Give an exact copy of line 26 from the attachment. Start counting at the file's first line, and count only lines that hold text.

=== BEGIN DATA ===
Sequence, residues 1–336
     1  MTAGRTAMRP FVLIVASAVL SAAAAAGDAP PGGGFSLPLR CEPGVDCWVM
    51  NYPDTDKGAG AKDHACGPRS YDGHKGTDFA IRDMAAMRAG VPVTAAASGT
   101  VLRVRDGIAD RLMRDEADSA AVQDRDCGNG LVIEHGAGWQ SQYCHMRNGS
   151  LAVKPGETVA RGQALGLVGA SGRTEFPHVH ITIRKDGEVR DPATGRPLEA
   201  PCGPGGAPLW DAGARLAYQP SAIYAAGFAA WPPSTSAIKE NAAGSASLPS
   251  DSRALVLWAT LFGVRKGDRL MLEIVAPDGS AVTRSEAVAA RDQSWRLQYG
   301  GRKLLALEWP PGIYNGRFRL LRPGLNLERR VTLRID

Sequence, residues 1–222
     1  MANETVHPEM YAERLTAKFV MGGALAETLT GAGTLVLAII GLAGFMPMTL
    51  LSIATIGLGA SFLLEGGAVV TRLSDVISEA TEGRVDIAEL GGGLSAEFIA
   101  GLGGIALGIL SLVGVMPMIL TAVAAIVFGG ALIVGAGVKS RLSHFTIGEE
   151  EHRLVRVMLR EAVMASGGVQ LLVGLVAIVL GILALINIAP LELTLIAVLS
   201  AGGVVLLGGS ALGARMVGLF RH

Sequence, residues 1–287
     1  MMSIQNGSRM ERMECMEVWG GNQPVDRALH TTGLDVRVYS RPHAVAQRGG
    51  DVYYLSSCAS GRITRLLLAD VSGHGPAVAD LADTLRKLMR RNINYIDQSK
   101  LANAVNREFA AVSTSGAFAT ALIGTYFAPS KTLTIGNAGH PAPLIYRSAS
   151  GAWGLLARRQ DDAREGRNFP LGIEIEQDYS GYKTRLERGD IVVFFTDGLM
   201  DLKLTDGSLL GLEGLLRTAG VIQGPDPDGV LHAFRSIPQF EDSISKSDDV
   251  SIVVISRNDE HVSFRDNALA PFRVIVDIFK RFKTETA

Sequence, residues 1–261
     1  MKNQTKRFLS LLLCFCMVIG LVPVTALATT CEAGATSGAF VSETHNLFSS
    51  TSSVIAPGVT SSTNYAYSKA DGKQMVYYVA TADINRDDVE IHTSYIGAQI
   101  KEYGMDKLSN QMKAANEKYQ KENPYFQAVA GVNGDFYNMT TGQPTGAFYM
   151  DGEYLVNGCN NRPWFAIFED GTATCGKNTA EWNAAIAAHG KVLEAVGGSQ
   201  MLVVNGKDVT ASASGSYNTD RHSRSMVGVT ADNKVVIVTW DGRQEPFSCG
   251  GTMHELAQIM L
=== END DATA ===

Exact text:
   151  DGEYLVNGCN NRPWFAIFED GTATCGKNTA EWNAAIAAHG KVLEAVGGSQ